We got home about 10:15 as the first flakes began to drift down. By 11:00 there were enough flakes to cover the grass and the tops of cars. We prepared the cars for the snow and ice by lifting the wiper blades up from the windshield.

Car ready for the snow

By midafternoon, snow was thick enough to crunch when you walked on it. The thin, dry flakes were unlike the heavy wet snow from two weeks ago. The change meant less chance or power outages from downed tree limbs. (Some of the surrounding counties were without electricity or broadband for over week).

By 8:30 that night, the snow was tapering off. The tractor that had been prepositioned on Saturday afternoon was still waiting for someone to drive it.

Snow tractor awaits a driver. He began plowing about 10pm last night. Scraped down to a layer of icy pavement.

By 8 am this morning, the sun was beginning the shine. The plow had made another pass and someone hired by the homeowners association was shoveling the sidewalk.

After lunch, I’ll go out to clear the snow off the cars, and shovel the plowed-up snow behind the cars. Such fun!

January Full Moon, January 17

Wolf pack howls at the full moon.
Are they moon struck,
do they laud canis major,
or is it the agony of biting cold
from the Wolf Moon or the Ice Moon?

Moon of many names
Moon after Yule,
Old Moon
Marker of festivals
Hindu (Shakambhari Purnima, the last day in the eight-day Shakambari Navratri holiday that celebrates the goddess Shakambhari.)
Myanmar (corresponds with the Ananda Pagoda Festival, a week-long celebration of this Buddhist temple built in 1105 A.D. in the city of Bagan.)
Sri Lanka (Duruthu Poya, which commemorates Siddhartha Gautama Buddha's first visit to Sri Lanka.

For more information about Moons and the Calendar click here.

It’s cold, it’s gray. Is it here to stay?

Heavy weight lies everywhere:

Snow on the ground
Blankets on the bed
Numbers on the scale
For some, bills on the credit cards
Frustration with two years of Covid
Different administrations but same government impasse

Where is the light?

To warm our spirits
Ease our burdens
Soothe our brows
Untense our muscles
Strengthen our resolve
that it Will Get Better?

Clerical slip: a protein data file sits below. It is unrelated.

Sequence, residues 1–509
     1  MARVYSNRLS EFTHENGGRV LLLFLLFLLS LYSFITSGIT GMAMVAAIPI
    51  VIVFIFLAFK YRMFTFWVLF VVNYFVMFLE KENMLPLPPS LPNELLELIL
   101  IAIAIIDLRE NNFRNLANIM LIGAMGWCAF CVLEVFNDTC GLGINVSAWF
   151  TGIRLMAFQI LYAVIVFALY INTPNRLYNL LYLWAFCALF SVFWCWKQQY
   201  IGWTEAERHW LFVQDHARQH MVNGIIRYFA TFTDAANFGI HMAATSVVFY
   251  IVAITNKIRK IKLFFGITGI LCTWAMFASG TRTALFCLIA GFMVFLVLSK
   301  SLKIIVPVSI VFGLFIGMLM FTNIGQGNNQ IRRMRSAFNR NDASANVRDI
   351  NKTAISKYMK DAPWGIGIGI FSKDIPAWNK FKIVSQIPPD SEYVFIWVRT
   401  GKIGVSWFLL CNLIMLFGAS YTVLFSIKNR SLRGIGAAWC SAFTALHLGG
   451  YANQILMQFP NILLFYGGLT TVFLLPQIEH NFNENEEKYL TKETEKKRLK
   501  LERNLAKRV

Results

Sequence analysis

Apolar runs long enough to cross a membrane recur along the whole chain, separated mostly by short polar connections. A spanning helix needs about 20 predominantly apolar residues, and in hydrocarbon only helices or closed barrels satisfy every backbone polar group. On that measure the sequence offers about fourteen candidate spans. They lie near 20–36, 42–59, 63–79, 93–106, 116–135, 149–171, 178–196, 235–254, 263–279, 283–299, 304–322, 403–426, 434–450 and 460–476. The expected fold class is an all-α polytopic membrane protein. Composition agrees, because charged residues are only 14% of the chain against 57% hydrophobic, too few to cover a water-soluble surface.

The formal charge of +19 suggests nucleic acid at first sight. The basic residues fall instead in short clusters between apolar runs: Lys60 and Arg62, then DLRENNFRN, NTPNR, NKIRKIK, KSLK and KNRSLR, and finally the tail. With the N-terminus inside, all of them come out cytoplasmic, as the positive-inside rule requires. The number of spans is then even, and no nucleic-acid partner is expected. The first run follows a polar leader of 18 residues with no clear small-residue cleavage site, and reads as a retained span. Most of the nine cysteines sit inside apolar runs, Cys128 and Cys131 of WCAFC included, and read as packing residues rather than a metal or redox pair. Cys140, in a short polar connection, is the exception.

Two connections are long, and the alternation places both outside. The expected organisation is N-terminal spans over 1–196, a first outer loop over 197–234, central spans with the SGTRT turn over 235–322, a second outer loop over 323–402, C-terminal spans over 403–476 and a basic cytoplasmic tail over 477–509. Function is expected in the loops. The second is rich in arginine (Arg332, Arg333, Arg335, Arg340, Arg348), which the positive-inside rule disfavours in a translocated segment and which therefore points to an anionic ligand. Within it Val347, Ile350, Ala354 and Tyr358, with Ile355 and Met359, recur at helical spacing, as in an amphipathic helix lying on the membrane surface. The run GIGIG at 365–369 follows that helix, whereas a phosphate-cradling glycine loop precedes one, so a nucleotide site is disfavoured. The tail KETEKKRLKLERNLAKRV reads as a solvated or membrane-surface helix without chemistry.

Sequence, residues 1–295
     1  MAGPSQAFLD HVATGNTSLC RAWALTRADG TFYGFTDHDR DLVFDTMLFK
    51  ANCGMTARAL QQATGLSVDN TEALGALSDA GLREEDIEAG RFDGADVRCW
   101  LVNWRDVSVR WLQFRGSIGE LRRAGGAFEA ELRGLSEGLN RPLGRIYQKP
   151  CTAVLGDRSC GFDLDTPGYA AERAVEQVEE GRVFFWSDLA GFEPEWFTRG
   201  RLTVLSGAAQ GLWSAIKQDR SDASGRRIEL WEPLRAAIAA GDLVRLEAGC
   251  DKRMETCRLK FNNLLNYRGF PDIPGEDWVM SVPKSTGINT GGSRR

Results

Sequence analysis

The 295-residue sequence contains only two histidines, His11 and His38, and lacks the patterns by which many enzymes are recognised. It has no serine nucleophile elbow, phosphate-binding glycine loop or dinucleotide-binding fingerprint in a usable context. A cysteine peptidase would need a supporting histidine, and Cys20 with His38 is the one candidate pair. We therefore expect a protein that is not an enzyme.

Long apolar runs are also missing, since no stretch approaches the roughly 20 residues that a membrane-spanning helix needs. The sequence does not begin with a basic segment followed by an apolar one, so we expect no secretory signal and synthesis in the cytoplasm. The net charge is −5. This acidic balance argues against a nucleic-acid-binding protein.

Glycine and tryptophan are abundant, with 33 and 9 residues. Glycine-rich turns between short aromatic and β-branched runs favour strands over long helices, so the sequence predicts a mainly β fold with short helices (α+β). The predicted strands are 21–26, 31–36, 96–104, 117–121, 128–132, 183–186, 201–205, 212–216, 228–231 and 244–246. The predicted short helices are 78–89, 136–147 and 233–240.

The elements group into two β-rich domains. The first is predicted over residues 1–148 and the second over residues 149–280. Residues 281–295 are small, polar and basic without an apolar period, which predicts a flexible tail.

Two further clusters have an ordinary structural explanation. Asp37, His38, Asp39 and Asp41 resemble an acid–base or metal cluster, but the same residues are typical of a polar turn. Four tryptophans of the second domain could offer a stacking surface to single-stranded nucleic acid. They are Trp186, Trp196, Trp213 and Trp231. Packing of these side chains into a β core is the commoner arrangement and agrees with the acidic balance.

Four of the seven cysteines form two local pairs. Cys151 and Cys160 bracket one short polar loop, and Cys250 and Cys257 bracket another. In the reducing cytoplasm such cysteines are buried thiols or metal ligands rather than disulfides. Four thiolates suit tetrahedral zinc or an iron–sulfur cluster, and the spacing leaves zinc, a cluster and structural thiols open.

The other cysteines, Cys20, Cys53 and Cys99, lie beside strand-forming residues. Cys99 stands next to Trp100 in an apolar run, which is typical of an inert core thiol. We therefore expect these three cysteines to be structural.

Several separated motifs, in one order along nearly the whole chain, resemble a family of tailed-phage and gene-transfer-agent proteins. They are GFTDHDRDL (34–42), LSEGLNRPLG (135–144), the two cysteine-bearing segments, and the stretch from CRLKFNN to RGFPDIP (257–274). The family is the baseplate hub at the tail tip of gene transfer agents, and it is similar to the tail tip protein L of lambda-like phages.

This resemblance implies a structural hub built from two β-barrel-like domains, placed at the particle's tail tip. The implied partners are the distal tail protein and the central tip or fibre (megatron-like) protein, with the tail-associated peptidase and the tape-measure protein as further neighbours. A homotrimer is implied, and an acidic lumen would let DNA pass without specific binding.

Pandora found hope at the bottom of her chest.
Have we dug deep enough to find it?

Cold, Arthritis, and Bully Goats

Because of a 7 plus inch snow and ice storm, we did not drive out to White Hall for several days. As we drove along the winding, two-lane country road, we kept switching lanes to avoid downed tree limbs or toppled trees, no match for the heavy accumulation of white they carried.

When we got to the farm, nary a goat or donkey was in sight. Bob bleated and he-hawed until the two bully goats raised their heads to see if it was worthwhile to leave the comparative warmth of their straw-covered shed. Seeing us with the familiar plastic-covered dishes in hand, they realized that food was probable.

Bully Junior, trotted across the snow-covered stubble and was the first to reach the fence. Bully Senior ambled stiffly behind, the first time I noticed that he was also afflicted with arthritis that had stricken Nanny. Poor Nanny raised her head but never mustered enough energy to come to the fence for food. (This was the first time that pain and stiffness outweighed the desire for food.)

The goats were treated to very ripe cantaloupe that had been sitting in the car trunk since the snowstorm began and some cut-up sweet potatoes. With two feeders and two goats, life was sweet until a much thinner Buddy belatedly approached the fence. Bully Junior immediately moved away from the fence, knowing that food would be tossed his way if he was patient.

Buddy nipped Bob’s hand when he got a little greedy grabbing another bit of cantaloupe. Bully Senior was much more agile in grabbing the bite with his tongue or his lips. Buddy also has very large, brown teeth in his mouth. Bully Junior was quick to grab any bit off the ground that was flung in his general direction.

Buddy, Nanny, and the Bully Goats

At the fence, Buddy the Donkey and Bully Goat Senior are waiting to be fed. Bully Junior (brown goat with horns) and Nanny (white goat without horns) await their turn.
Better shot of Buddy and Bully Sr waiting for the food

In the village of Whitehall behind Wyant’s Country Store, lies a small farm where three goats and one donkey live in a hierarchy of bullies. Buddy, the donkey, is the largest and usually gets whatever he wants. Nanny is the mother of Bully Senior and Bully Junior. Both brothers regularly butt heads with Nanny, who suffers from arthritis as well as the bully goats. (The owner calls them Saphire, Amos, and Andy but we call them Nanny and the Bullies.)